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Wednesday, January 13, 2021

One Week Home From The Hospital

First - I can see why SOME permanently-injured or very elderly people ask themselves why they are "sticking around" (don't worry, that's not me - "this too shall pass").  This is all INCREDIBLY BORING AND IT HURTS, TOO.

Second - Many of you have mentioned how fortunate I am to have neighbors like Deb and John.  I certainly agree and make it a point to thank them every time they visit or run an errand.  And I mentioned to Deb how often all of YOU have expressed gratitude for her help on my behalf.  She said "WOO HOO, thank them all for the kind words" (with thumbs up).  And "it is nice to be recognized but I would do it unrecognized of course".  Well, of course she would.  She's that kind of helpful person.  She said she has had similar good help in the past, and believes in "pay it forward.  I sure will.  So, I'm passing that along.

Third - The hospital has left a couple  of voice mails asking me to call them about my recent visit.  I haven't called back yet; I'm not sure what to say.  Amdla2000 left a comment "This old nurse thinks that your ER visit was medically successful, but a total case management failure".    I agree.  They did some good thorough work with xrays/catscan/mri, but sent me home without much advice.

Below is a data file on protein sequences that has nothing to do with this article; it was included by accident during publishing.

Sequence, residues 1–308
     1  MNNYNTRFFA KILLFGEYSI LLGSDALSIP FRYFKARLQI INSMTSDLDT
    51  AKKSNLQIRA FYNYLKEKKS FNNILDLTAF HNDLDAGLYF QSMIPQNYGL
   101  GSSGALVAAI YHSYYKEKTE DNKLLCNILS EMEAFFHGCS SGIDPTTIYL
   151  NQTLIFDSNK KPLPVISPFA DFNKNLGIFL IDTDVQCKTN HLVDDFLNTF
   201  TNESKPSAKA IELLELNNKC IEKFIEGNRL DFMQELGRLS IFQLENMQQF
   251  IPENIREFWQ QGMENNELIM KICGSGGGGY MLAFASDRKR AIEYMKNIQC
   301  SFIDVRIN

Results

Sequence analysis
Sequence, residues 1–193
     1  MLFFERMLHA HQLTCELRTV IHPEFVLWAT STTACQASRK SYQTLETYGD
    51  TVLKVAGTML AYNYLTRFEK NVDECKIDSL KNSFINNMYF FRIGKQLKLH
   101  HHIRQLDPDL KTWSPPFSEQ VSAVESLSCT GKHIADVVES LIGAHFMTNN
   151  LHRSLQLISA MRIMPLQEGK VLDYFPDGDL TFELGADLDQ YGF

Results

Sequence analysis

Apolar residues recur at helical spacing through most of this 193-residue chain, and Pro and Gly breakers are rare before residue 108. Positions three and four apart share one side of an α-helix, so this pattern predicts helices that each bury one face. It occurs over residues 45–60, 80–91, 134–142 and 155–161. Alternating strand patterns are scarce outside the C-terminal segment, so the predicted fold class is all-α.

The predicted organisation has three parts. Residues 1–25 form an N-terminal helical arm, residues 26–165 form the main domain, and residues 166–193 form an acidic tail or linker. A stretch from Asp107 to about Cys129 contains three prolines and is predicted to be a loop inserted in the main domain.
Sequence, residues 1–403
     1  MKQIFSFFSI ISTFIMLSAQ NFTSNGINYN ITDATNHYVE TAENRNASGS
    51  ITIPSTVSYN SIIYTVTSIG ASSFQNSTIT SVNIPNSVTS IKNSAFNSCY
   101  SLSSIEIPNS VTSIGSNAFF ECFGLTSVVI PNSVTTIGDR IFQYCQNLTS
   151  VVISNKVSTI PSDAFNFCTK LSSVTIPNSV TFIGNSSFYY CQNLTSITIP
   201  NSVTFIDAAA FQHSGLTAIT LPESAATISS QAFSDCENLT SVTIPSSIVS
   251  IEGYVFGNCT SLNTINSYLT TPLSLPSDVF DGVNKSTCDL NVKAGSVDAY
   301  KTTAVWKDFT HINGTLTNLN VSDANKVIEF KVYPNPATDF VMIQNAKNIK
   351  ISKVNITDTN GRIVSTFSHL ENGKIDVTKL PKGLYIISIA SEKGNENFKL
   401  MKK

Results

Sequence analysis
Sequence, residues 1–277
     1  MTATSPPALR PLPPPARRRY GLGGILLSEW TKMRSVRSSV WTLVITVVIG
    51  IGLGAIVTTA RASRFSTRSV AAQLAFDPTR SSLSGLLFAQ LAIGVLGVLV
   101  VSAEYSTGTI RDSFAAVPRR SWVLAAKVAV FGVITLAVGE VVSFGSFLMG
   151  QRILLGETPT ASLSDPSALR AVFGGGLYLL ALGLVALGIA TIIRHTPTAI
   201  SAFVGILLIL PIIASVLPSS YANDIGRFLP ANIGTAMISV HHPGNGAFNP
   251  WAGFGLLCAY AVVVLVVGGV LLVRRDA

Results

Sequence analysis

I am, of course, grateful for their work to gauge the extent of my injuries, but I will mention that (as kindly as possible).  Also, the medical report they gave me is complete gibberish to any non-expert.  I will suggest they provide future patients with a 1 page summary in PLAIN ENGLISH.  Needing a medical dictionary to understand the report makes it nearly useless.  A list of what all those blood test acronyms mean would also help.  A list like that wouldn't even need to be personalized for each patient.  Just a boilerplate single page.